HySeas III is a project funded by the EU Horizon 2020 program and connects nine European partner organizations across seven European countries related to the maritime industry, such as ship owners, port operators, fuel cell power systems suppliers, ship design offices, and research institutions. The project is a continuous work that gained its value from the previous editions that began in 2013 under the project called (HySeas I) which was supported by Scottish Enterprise and followed by the second edition in 2015 called (Hyseas II) which was also supported by Scottish Enterprise and the Canadian department of transport. The third stage of the development program (HySeas III) seeks to make significant progress in eliminating CO2 emissions from marine transport to be in line with the EU’s Green New Deal & Fit for 55 objectives [132]. HySeas III is looking into the construction of a zero-emission power system onboard a RoPax ferry operated in Scotland, between Kirkwall and Shapinsay in the Orkney Islands [133]. The planned passenger capacity of the ferry is 120 passengers with 20 passenger vehicles or two lorries. The ship dimensions length, beam, and depth will be 40 m, 10 m, and 4 m, respectively. The project succeeded in the full-sized string test and verification of the innovative power system, which included PEM fuel cell technology consisting of a 6 × 100 kW Ballard HD-100 fuel cell with Lithium-ion battery banks that have a capacity equal to 768 kWh. The planned prototype will be fueled by 600 kg of compressed hydrogen at 350 bars [134]. The hydrogen will be produced by electrolysis powered by wind and tidal energy generated within the research projects BIG HIT and SURF ‘N’ TURF on the islands of Eday and Shapinsay [135,136].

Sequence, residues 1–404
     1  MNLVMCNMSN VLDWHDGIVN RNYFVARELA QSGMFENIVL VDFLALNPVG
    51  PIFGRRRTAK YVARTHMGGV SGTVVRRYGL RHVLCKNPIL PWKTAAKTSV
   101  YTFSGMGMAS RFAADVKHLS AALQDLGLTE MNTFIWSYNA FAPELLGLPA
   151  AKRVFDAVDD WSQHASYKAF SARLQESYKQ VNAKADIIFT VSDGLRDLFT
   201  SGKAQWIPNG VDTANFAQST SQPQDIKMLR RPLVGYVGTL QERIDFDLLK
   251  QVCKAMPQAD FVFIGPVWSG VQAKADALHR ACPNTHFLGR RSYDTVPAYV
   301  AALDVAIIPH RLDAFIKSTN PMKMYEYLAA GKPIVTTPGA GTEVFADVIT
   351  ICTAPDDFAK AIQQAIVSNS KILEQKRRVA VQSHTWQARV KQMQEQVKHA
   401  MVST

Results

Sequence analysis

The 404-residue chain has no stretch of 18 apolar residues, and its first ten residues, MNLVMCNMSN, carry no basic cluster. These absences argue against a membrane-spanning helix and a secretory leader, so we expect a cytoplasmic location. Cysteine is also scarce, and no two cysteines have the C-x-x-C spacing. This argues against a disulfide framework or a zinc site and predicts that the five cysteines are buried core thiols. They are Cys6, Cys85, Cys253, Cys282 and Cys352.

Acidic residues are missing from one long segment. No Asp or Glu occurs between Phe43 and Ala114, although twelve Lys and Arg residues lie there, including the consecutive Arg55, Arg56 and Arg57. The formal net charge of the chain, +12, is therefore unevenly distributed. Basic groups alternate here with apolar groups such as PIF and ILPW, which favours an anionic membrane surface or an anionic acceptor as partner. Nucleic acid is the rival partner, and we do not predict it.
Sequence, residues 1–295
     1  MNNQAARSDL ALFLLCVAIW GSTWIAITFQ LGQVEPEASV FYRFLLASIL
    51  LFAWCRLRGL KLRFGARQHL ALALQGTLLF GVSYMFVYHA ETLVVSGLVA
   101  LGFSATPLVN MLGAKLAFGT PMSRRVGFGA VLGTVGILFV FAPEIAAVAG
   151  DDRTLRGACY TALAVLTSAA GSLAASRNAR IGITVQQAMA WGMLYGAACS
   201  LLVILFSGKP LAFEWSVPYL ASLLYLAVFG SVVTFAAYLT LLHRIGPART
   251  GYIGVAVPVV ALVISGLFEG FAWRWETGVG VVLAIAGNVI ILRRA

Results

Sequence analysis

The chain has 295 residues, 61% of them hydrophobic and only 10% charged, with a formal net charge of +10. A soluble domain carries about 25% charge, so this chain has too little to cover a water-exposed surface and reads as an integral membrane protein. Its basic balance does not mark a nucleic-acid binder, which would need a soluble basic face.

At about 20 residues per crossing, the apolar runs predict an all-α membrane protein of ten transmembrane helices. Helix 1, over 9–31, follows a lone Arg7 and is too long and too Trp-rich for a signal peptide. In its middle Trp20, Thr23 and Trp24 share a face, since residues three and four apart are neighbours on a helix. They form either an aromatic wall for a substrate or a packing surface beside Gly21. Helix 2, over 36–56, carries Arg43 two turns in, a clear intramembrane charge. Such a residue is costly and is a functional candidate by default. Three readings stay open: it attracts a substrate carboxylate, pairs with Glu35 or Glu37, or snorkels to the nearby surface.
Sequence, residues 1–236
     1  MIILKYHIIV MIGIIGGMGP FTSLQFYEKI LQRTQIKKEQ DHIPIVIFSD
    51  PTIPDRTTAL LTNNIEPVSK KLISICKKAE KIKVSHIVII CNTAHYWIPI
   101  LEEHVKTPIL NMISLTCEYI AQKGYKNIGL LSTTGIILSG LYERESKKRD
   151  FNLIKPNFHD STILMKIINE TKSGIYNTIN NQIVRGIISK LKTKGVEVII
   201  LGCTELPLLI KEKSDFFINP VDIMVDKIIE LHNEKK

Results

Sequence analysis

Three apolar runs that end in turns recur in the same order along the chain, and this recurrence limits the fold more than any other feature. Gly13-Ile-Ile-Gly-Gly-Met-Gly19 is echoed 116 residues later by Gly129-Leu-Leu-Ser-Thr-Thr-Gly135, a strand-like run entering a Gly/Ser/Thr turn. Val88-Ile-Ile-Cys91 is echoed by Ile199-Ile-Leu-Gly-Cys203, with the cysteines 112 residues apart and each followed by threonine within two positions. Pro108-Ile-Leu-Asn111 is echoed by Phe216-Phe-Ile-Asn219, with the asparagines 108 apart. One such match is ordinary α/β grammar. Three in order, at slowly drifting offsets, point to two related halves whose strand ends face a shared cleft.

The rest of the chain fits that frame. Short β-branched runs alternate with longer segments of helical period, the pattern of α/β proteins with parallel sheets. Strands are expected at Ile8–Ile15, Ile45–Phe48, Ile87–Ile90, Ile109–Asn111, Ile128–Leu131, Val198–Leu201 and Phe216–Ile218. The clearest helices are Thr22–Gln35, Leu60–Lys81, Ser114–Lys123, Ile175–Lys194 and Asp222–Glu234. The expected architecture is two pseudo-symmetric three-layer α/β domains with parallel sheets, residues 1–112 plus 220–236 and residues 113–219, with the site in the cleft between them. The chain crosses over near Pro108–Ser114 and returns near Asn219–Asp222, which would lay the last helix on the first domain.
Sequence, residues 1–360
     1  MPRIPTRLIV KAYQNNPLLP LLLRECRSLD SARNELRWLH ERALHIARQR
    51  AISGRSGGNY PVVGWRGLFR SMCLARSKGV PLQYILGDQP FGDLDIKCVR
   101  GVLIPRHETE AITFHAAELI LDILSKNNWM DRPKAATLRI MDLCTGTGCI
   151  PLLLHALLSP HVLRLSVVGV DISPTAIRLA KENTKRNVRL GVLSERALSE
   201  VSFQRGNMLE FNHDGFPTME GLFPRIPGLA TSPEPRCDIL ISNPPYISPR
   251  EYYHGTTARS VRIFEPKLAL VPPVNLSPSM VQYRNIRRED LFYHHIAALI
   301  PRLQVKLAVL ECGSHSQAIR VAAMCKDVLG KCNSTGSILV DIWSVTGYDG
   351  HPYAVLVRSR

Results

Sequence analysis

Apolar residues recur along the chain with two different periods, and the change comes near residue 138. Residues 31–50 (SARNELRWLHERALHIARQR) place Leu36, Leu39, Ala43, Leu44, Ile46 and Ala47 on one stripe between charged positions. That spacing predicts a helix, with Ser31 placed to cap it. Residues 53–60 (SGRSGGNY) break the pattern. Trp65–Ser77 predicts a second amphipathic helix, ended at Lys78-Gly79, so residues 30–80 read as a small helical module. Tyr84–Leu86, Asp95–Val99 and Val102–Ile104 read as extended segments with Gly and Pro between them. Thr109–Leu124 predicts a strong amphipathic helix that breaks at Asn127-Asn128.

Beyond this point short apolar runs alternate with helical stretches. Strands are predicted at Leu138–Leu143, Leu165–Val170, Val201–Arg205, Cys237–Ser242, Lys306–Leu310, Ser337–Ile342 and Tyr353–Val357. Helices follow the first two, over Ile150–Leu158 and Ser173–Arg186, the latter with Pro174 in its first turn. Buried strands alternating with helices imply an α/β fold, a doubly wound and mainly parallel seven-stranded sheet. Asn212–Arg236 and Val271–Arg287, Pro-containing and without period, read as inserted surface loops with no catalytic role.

3.1.10. Pa-X-ell 2 (2019–2022)